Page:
There’s a simple little practice many writers I know use (including myself) to keep them moving forward when grinding out their first draft. It’s painless and almost always effective at keeping you eager to return to the work tomorrow to pick up where you left off today.

The secret is to as much as possible always stop work for the day when you’re feeling good about what you’ve accomplished and when you knowing exactly where you’ll be resuming at your next session. In other words, don’t ever walk away when you’re lost or frustrated with your daily progress  –that’s a sure bet that you won’t be thrilled to return to the work and you’ll have a hard time sitting back down and having that problem staring you in the face. 

I like what playwright David Ives told me about this regarding a couple of master writers:  “John O’Hara used to stop writing every day in the middle of a sentence so that the next day he could continue that sentence and have a springboard, a way in.  Hemingway said you should always stop when you know where you’re going–and never stop when you don’t know what’s next because you’ll be lost.”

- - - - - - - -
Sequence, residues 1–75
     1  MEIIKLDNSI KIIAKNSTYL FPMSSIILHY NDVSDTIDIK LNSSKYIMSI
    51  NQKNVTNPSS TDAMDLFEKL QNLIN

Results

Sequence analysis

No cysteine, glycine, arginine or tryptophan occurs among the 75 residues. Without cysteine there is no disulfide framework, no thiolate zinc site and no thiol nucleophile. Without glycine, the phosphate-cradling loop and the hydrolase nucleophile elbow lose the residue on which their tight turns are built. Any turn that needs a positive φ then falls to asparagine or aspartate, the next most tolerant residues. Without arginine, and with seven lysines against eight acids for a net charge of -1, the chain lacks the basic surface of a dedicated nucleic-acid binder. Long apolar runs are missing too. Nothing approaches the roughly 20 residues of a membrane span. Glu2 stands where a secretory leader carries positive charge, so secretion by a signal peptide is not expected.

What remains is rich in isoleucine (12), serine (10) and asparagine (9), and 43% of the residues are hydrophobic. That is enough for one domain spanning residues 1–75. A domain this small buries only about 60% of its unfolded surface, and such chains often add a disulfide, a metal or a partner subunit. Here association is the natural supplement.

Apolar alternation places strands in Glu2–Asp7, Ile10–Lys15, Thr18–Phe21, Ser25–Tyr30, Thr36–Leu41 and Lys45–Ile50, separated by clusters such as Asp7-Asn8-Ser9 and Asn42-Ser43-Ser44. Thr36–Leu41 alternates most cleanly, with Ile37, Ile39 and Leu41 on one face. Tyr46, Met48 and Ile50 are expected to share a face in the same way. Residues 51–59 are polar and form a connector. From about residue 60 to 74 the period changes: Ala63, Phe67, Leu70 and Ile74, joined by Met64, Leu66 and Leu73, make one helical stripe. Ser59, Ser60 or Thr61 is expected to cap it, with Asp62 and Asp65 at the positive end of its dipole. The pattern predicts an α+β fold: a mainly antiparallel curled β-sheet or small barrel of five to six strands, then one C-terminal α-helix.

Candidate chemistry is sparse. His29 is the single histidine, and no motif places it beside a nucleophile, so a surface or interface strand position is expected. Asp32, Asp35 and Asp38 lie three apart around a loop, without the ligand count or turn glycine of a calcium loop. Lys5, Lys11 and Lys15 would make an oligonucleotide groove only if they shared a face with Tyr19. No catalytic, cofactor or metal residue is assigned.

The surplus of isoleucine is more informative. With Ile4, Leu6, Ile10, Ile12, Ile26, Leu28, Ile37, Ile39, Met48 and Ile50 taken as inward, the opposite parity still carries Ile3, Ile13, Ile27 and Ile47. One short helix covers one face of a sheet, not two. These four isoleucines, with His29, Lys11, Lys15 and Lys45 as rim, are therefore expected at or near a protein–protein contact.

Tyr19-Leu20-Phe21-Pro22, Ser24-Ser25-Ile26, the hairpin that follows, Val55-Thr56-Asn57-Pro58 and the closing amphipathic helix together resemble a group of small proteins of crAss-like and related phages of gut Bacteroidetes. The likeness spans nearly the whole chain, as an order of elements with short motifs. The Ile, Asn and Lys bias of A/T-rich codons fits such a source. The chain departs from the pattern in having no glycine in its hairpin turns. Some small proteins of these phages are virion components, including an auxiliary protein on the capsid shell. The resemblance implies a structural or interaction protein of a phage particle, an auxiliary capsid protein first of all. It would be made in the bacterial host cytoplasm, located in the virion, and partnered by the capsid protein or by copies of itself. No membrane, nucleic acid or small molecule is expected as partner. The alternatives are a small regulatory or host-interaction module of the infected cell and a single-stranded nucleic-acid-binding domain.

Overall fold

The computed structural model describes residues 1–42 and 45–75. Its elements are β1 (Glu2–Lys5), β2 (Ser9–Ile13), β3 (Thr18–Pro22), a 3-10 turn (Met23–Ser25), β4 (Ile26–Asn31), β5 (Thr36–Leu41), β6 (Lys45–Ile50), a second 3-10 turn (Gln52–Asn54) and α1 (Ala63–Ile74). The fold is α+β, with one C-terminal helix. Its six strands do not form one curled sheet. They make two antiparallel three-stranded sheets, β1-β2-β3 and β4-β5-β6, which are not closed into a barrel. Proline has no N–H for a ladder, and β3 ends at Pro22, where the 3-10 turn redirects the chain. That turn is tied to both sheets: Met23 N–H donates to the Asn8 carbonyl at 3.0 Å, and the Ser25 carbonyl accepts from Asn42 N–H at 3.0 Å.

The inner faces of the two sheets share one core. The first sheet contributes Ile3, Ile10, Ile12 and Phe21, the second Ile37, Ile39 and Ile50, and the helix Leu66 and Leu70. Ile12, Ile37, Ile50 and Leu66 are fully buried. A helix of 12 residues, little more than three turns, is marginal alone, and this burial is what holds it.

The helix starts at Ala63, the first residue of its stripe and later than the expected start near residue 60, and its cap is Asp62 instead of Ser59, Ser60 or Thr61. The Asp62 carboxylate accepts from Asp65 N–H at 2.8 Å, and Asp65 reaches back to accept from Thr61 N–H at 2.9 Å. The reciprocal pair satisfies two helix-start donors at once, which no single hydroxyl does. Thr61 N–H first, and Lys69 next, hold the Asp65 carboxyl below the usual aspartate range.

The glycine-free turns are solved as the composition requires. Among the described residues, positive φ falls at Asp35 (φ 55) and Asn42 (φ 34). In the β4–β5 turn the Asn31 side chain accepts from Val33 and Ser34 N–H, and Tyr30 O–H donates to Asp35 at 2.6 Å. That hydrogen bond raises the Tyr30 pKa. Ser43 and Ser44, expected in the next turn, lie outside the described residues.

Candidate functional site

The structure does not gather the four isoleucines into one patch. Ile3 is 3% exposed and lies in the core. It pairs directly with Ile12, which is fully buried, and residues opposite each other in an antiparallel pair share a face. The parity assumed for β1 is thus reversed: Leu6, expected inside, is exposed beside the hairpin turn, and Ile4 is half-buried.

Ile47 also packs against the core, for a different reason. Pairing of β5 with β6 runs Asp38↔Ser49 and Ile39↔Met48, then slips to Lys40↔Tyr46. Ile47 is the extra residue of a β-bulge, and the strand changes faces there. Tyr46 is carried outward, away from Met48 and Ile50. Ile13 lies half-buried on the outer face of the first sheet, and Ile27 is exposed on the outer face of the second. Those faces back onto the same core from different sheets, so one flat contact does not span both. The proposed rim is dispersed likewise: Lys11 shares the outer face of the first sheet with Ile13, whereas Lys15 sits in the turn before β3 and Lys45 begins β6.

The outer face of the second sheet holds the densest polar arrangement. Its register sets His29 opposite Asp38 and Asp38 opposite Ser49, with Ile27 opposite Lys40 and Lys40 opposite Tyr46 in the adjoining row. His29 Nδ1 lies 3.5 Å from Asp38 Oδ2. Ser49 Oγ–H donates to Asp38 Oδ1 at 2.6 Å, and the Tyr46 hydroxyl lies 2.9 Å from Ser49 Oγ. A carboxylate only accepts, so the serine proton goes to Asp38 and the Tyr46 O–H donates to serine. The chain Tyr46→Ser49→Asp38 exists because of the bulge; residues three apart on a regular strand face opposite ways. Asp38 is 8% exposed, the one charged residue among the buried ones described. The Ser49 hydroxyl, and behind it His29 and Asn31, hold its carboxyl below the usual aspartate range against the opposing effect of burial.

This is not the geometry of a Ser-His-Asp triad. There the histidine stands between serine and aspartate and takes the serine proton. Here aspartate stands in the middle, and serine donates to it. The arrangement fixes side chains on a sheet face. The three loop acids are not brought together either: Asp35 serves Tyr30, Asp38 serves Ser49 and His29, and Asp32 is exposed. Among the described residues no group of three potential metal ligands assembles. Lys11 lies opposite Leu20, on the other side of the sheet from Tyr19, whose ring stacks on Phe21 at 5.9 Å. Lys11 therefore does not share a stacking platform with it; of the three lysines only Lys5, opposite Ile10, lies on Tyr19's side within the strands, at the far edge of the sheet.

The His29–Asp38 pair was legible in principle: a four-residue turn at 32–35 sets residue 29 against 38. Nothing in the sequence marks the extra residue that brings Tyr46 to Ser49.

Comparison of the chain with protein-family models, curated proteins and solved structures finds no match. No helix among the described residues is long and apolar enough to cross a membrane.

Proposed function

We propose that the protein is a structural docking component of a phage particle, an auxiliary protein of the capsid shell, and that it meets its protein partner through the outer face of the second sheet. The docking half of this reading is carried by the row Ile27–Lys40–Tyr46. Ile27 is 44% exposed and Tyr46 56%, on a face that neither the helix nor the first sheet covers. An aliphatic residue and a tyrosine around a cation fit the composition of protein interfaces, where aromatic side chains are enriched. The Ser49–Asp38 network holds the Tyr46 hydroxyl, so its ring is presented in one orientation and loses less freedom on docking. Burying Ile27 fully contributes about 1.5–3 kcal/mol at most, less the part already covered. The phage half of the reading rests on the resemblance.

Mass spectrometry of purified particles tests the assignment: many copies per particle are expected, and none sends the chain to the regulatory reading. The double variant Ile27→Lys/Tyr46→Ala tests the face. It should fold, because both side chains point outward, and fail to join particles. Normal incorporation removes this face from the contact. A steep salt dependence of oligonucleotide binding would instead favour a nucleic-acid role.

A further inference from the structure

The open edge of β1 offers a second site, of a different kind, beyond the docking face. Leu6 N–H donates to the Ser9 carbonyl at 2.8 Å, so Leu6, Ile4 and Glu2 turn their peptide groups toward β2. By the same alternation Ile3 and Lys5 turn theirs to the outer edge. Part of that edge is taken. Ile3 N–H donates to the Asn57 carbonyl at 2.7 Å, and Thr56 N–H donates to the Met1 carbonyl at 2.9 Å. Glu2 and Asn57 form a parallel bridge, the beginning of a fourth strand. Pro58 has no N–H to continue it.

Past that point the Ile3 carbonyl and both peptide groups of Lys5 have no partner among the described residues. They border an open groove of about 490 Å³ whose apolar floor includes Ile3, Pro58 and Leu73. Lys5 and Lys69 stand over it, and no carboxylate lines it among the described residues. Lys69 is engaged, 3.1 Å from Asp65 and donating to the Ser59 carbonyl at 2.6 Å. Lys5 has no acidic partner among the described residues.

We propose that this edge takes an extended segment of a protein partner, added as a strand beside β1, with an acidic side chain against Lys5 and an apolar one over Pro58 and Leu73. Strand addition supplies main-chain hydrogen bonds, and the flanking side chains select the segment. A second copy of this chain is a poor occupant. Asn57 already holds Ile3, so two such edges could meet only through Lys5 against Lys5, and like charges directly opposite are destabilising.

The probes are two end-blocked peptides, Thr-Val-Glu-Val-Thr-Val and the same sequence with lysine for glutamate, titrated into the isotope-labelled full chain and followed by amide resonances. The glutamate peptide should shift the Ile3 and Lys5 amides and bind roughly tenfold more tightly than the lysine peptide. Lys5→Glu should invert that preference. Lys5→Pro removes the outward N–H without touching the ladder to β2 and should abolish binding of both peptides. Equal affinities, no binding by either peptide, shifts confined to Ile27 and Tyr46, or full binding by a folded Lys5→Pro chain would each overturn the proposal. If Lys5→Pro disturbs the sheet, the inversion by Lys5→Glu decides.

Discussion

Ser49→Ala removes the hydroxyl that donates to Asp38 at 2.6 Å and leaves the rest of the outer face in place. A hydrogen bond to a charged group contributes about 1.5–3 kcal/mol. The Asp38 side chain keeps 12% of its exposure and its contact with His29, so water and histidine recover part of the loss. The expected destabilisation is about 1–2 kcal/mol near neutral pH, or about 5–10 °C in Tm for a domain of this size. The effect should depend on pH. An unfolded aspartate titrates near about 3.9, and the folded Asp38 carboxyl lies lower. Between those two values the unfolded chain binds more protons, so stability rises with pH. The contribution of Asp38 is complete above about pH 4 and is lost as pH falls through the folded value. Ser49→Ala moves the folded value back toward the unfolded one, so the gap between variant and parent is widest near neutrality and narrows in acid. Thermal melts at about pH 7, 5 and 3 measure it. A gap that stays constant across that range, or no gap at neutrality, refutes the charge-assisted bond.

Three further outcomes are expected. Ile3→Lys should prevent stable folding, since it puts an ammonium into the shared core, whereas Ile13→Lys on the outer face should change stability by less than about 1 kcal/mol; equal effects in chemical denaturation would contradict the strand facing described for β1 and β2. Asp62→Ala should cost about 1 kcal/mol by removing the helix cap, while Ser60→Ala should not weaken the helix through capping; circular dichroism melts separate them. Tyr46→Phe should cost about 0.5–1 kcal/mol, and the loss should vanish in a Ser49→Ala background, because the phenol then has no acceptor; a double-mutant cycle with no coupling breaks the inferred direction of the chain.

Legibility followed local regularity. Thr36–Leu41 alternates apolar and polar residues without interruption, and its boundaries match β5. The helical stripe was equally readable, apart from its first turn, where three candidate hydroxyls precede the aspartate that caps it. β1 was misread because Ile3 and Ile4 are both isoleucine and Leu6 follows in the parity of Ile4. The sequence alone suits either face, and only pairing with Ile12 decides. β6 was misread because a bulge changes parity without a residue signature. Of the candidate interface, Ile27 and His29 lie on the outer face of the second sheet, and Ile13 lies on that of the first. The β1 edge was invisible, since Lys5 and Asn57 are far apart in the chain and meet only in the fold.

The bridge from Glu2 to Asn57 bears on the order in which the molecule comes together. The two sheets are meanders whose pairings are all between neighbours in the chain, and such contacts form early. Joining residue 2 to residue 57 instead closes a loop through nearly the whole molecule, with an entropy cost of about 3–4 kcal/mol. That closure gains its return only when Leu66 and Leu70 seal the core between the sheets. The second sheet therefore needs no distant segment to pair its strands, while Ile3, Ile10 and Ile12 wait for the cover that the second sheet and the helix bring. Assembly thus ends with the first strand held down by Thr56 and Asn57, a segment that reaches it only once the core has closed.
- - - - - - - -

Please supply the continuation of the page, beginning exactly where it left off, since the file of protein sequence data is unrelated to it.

A simple practice, but don’t we need all the help we can muster?

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I’m the Program Director of the low-residency MFA in Writing for Stage and Screen being offered by the New Hampshire Institute of Art.  Our last residency ran from June 22 to July 1 and we’re current considering applications for starting the program next January at our residency scheduled for January 5-14, 2018.  If you’re interested in finding out more about our program, email me at and we can start a dialogue.

I’m also a playwright and screenwriter, producing partner in my production company Either/Or Films (The Sensation of Sight and Only Daughter) a professional script consultant, and the author of The Playwright’s Process.  You can follow me on Twitter @eitherorfilms or @mfastagescreen.  I’m also on Facebook at buzzmclaughlinscriptconsulting.